May 12, 2016 at 5:19 pm ET
If House Speaker Paul Ryan has one overarching hope for the Republican Party, it is to make the GOP more aspirational in key policy areas such as taxes and health care.
“We need to move from being an opposition party to a proposition party,” the Wisconsin Republican said last fall as he announced his candidacy for the House’s top position. “Because we think the nation is on the wrong path, we have a duty to show the right one.” It’s a mantra that Ryan has repeated religiously in the months since coming to power.
But with the ever-controversial Donald Trump now topping the party’s presidential ticket, lawmakers indicated Thursday that the dream of a Republican Party unified by policy proposals looks to be on its deathbed. If Capitol Hill Republicans, including Ryan himself, eventually fall in line behind Trump, it will only be because they oppose a common enemy: Hillary Clinton.
That sentiment was the highlight of a joint statement issued by Ryan and Trump following a much-anticipated meeting at the Republican National Committee headquarters Thursday morning.
“The United States cannot afford another four years of the Obama White House, which is what Hillary Clinton represents,” reads the first line of the statement.
That’s an argument that has brought around some of Trump’s most skeptical conservative critics, even as they continue to question the depth of his Republican convictions.
“I was probably one of his greatest opponents in the primary,” Rep. Trent Franks (R-Ariz.), a member of the far-right House Freedom Caucus, told reporters Thursday morning outside the RNC headquarters. “That has changed.”
“As a conservative I cannot trust Donald Trump,” he said. “I can most certainly, deeply trust Hillary Clinton to do the wrong thing every time.”
“The fact of the matter is, he’s the presumptive nominee,” Senate Majority Whip John Cornyn (R-Texas) told reporters later Thursday. “Unless you support Hillary Clinton, which I don’t, then you’re going to be supporting the nominee.”
But Ryan is still not ready to endorse his party’s de facto nominee. He had mostly good things to say about his first significant personal interaction with the bombastic New York businessman at a press conference with reporters after the meeting.
“I’m very encouraged,” Ryan said. “I heard a lot of good things from our presumptive nominee, and we exchanged differences of opinion on a number of things that everybody knows we have.”
Asked whether he was on a path towards supporting Trump’s candidacy, Ryan responded with this: “I think this is going in a positive direction.”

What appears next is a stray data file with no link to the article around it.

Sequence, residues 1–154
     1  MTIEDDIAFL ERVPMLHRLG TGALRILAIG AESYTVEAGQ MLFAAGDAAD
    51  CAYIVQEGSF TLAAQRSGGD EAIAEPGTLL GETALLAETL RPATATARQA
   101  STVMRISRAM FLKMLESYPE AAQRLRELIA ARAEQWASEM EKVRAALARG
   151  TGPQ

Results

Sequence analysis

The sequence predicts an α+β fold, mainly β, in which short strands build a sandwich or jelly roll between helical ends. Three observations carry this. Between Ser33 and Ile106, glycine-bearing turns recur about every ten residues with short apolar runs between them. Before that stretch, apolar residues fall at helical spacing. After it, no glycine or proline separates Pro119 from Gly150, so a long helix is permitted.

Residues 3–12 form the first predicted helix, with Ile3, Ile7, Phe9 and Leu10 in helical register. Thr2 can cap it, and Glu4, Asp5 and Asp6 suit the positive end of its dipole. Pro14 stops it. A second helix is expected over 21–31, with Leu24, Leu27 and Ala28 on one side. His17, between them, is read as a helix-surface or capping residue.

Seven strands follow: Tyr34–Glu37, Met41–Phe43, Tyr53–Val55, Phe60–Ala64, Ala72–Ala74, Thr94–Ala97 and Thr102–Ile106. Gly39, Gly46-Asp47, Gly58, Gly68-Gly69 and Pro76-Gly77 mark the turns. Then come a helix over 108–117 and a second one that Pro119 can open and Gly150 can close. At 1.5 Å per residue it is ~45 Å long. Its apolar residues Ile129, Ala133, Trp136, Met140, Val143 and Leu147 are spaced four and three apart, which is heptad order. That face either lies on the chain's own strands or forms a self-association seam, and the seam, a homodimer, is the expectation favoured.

Ryan on Thursday tried to frame his and Trump’s evolving courtship as a project of bridging gaps and diving deeper into the real estate mogul’s policy proposals.
“There are policy disputes we will have. There’s no two ways about it,” Ryan said, noting that he and 2012 GOP presidential nominee Mitt Romney, with whom Ryan ran as his running mate, had their differences on some issues. “Plenty of Republicans disagree with one another on policy disputes.”
Suggesting that Trump has a set of policy beliefs for Ryan’s policy team to dissect and explore is far-fetched. The details that Trump has proffered on the campaign trail have typically been vague, and he has celebrated his willingness to “negotiate” what he stands for. From abortion and raising the minimum wage to releasing his tax returns, Trump has at times changed his position within a matter of hours.
As a result, even after months of campaigning, House Republicans are clueless as to what to expect from him.
One reporter asked Rep. Tom Cole (R-Okla.), who walked out of the building next to the RNC headquarters during the Ryan-Trump confab, whether he had “a good understanding of Trump’s position on any issue other than the [Southern U.S. border] wall.”
“No,” responded Cole. “I don’t know him well. There’s a lot of education that I need to have about what he thinks.”
Rep. Charlie Dent (R-Pa.), who leads the moderate Tuesday Group, said he didn’t know if Trump had any policy convictions at all.
“I hope he develops them,” he told Morning Consult. “He’s got to develop them fast.”
It’s not like Ryan’s deepest concerns with Trump have really every been about free trade or paying the entirety of federal debt obligations. When Ryan opted to weighed in on the GOP primary contest earlier this year, it was to chastise Trump for remarks that the Ryan called “un-American,” most notably in suggesting that the U.S. should ban all Muslims from entering its borders.
But if Trump were to more concretely flesh out his stance on the policy issues, there is little reason for GOP officials to trust those positions will remain consistent. Rep. Chris Collins (R-N.Y.), among the first federal elected officials to back Trump’s candidacy, told reporters that he expected Ryan and other House leaders to be surprised with how much of an act Trump put on during his primary campaign rallies.
“As he has these one-on-one meetings, people will see the Donald Trump I know, not necessarily the one you see in the rallies,” he said. “One-on-one Donald Trump is a listener, he’s not a talker.”
For Dent, that means a closed book on policy items that Republicans are supposed to care about. “I don’t know that you get any assurance,” Dent said, of whether Trump will stick to any policy agreements he makes with Ryan or other leading Republicans.
“I don’t know that it will change,” Franks said of Trump’s habit of constantly revising his positions. “Here’s what I do know: that Hillary Clinton will not change.”
Still, Franks admitted that by supporting Trump’s candidacy, he and other conservatives ran the risk of fundamentally realigning the Republican Party into a political coalition.
“I think that’s a valid point,” he said. “Otherwise I’d be skipping on this sidewalk instead of walking.”
Jon Reid contributed to this report.